The one day conference takes place at the Royal Yacht Hotel on Tuesday 28 June. Delegates will get the chance to explore the theme ‘Strategies for Growth’ with industry experts at a time when private clients are demanding more from their wealth management experts.
From amidst an innovative programme of speakers there will be content relevant to investment managers, private bankers, funds personnel and trust and company professionals. Nils Johnson, Partner at Spence Johnson, will be discussing the future of trusts. With over 20yrs in banking, consulting and research focused on financial markets, Nils is well placed to comment on issues relating to the industry,
“The majority of trust businesses in the CI are managing less than 500 structures with fewer than 25 employees. This is one among many measures that evidences the trust business as a cottage industry, ‘boutique customisation trumps factory industrialisation’.”
When questioned about the opportunities for trust companies and their investment suppliers, Nils continues,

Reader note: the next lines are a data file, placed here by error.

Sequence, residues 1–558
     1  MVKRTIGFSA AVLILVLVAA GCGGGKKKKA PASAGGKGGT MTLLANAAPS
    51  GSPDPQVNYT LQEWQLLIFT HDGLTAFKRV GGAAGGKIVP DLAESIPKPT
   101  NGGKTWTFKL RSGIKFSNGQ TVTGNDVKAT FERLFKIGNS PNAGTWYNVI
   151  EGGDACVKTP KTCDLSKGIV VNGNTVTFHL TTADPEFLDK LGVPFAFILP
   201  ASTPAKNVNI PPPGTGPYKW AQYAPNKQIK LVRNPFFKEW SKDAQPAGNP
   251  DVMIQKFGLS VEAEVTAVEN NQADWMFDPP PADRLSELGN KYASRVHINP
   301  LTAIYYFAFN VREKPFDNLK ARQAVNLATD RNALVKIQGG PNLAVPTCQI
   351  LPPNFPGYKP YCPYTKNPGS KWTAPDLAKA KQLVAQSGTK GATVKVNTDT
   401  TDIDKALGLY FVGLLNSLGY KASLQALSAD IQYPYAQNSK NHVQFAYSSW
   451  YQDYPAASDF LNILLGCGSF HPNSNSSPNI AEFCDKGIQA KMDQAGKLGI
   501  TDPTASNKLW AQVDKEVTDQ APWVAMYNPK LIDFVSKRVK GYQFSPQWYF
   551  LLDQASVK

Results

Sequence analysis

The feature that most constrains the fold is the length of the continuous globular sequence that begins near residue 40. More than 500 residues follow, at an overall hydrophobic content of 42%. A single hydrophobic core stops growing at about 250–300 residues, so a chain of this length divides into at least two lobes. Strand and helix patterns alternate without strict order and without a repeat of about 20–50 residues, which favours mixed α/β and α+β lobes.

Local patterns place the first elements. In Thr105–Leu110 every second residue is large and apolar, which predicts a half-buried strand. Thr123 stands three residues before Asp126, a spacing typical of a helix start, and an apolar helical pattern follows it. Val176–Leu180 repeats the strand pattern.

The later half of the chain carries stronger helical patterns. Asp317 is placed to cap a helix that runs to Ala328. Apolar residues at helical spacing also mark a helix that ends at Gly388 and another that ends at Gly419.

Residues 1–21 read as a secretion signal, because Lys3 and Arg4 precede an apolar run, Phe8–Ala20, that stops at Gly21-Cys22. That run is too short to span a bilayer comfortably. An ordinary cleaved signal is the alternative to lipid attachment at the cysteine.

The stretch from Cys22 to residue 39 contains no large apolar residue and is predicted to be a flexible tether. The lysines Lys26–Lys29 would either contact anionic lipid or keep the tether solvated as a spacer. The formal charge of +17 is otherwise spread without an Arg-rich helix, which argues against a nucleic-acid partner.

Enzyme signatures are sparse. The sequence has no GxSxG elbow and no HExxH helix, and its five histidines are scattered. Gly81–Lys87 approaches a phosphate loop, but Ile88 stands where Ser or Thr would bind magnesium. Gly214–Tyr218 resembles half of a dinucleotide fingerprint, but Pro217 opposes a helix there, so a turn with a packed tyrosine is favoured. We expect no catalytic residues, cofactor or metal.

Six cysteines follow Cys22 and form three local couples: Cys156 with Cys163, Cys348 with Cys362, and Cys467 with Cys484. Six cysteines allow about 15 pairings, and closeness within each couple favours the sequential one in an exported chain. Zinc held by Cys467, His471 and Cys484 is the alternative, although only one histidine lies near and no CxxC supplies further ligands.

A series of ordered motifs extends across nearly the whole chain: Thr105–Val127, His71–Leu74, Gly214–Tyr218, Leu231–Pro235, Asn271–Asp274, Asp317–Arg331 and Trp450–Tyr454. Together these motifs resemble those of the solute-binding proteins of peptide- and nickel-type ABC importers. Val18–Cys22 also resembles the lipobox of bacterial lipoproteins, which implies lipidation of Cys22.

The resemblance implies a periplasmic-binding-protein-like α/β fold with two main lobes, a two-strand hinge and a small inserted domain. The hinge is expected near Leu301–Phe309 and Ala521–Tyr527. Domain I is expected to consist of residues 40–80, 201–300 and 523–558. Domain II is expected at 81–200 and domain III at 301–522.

“Asian wealth is driving the globalisation of the business. Not only is Asia the target for future new clients but Asian based practitioners are leading the search for new clients from other parts of the world, including Eastern Europe, Middle East and North America. The flip side of this trend is that practitioners in the more mature centres will focus less on their traditional source of clients. For example, the CI will reduce its dependency on the UK, the Caribbean will reduce its dependency on N. America and everyone will spend less time attracting W. Europeans.
The implication is that European and American clients will increasingly be replaced by clients from emerging regions; that these new clients are likely to have fewer tax compliance issues simply adds to their attractiveness.”
Nils’ career began at Chase Manhattan Bank in New York. This was followed by senior sales and marketing positions in Treasury & FX at First Chicago, Calyon and Wachovia in London. When looking to the future, Nils has already commented that he believes the trust administration business is in good health, having seen companies experience growth in client numbers throughout 2010. He continues,
“This is particularly encouraging given the extreme turbulence the industry has gone through over the past 3 years. It also suggests that the trust structure as a vehicle for protecting wealth continues to remain attractive. The future looks bright– especially for small owner managed firms who are optimistic about capitalising on their flexibility, transparency and freedom from conflicts of interest – all key attributes in the post financial crisis, post Madoff era.”